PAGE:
Brick Mansions

CA WINTER SOLDIER discs

Welcome back to This Week In Discs! If you see something you like, click on the title to buy it from Amazon. Captain America: The Winter Soldier Steve Rogers/Captain America (Chris Evans) is still trying to fit in to the modern world while working for SHIELD on a regular basis. His latest mission leads to yet another conflict with Nick Fury (Samuel L. Jackson) over his and SHIELD’s priorities and methods in fighting the war on terror. Rogers thinks criminals should be punished after a crime has been committed, but Fury says they can’t afford to wait that long. The arrival on scene of a mysterious and legendary assassin, the Winter Soldier, shakes things up even further, and soon Captain America is fighting not only for the lives of millions but for his past, his integrity, and every core belief he holds dear. I usually reserve the “Pick of the Week” spot for a great title in need of more press, but hot damn do I love this flick. If you’ve followed my reviews here over the years you know I’m no easy mark for Marvel or other big movies, but there’s not a dull minute to be found here between the expertly crafted action sequences, plot revelations lifted equally out of the comic books and the New York Times, character moments and legitimately funny laughs. Captain America: The Winter Soldier is big, spectacular entertainment that manages to stay grounded even as the action turns to explosive spectacle. It’s the kind of summer […]

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Paul Walker in Brick Mansions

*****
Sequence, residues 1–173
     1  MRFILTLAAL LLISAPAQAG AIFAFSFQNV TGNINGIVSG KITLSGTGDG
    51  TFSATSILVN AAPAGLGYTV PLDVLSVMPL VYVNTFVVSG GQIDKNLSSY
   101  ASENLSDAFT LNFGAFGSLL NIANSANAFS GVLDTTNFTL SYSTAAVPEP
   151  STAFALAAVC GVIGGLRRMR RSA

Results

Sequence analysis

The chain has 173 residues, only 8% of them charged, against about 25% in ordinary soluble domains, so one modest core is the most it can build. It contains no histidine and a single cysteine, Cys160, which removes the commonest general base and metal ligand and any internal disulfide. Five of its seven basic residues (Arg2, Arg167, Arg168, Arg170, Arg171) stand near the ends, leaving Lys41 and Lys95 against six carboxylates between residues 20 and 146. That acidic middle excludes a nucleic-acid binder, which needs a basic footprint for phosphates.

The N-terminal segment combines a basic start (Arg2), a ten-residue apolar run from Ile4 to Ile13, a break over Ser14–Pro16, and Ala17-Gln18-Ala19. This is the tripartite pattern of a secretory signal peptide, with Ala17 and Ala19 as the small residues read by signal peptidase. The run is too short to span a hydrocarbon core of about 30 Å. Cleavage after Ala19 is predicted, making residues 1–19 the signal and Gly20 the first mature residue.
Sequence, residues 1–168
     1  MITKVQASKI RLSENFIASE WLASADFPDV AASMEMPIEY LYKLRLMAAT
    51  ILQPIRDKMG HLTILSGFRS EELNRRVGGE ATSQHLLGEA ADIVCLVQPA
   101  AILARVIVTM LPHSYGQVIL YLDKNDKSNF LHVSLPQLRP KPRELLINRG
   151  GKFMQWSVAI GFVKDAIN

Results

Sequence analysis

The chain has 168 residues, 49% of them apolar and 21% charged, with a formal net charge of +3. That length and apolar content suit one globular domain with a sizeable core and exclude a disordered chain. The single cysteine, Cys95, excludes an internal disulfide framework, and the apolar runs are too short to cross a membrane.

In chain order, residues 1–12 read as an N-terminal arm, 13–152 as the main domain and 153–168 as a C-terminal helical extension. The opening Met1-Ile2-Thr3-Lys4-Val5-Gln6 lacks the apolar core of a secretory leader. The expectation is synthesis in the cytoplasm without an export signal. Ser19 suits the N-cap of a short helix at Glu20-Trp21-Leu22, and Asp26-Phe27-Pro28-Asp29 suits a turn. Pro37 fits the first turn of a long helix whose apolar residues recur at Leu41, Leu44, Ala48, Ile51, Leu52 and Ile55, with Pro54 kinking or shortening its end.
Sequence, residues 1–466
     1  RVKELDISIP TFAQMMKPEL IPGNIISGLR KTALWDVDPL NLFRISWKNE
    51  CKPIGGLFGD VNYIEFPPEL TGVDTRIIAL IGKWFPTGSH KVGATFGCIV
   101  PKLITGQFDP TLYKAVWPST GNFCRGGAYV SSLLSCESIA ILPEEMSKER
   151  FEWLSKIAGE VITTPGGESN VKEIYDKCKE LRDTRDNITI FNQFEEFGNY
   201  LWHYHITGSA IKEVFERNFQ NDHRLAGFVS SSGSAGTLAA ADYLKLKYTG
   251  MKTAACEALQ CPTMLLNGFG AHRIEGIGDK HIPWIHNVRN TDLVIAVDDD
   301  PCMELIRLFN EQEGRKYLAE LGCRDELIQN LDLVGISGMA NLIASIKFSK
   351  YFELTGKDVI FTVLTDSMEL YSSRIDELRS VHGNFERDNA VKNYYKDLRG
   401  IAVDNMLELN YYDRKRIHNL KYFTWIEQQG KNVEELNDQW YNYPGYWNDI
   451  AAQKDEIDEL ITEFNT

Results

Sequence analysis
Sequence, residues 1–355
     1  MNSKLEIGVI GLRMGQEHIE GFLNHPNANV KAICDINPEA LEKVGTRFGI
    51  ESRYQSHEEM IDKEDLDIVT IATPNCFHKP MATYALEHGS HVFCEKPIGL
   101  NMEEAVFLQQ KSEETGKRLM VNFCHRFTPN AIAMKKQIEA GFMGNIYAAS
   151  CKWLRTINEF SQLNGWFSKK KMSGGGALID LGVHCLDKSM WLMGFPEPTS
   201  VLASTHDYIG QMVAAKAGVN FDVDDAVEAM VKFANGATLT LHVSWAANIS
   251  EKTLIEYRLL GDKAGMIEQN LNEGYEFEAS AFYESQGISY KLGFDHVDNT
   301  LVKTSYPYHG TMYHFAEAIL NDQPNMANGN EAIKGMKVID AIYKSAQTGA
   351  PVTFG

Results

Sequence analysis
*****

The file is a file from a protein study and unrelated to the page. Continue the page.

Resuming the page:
If you are an aspiring composer, a musician, or simply a music fan interested in how a song actually comes together before you see it on the big screen, we have a peak behind the curtain for you. Composer John Fulford specializes in creating music for productions and has worked on shows like Breaking Bad, Glee and Enlightened as well as indie films like The Sunset Limited, studio releases like American Reunion and, most recently, Brick Mansions. Fulford knows how to work within tight deadlines (thanks to the weekly schedule of TV) and this discipline of constantly creating has helped train his ear in recognizing track elements that would work perfect on screen. Fulford was looking to get some music on Shawn Ryan’s The Chicago Code and figured the best way to achieve that goal was to work with Chicago-based artists. That led him to the artist N.E.P.H.E.W. Fulford and NEP began working together and created the track, “Nephgroove.” Unfortunately the song did not end up being used on The Chicago Code, but when Brick Mansions was looking for some authentic rap, they were sent “Nephgroove” and, as Fulford puts it, “the rest is history.” In this video (as created by Louis Mayo @Viewbility), Fulford takes you through his process of writing the song and highlighting the elements that ultimately stood out to the producers.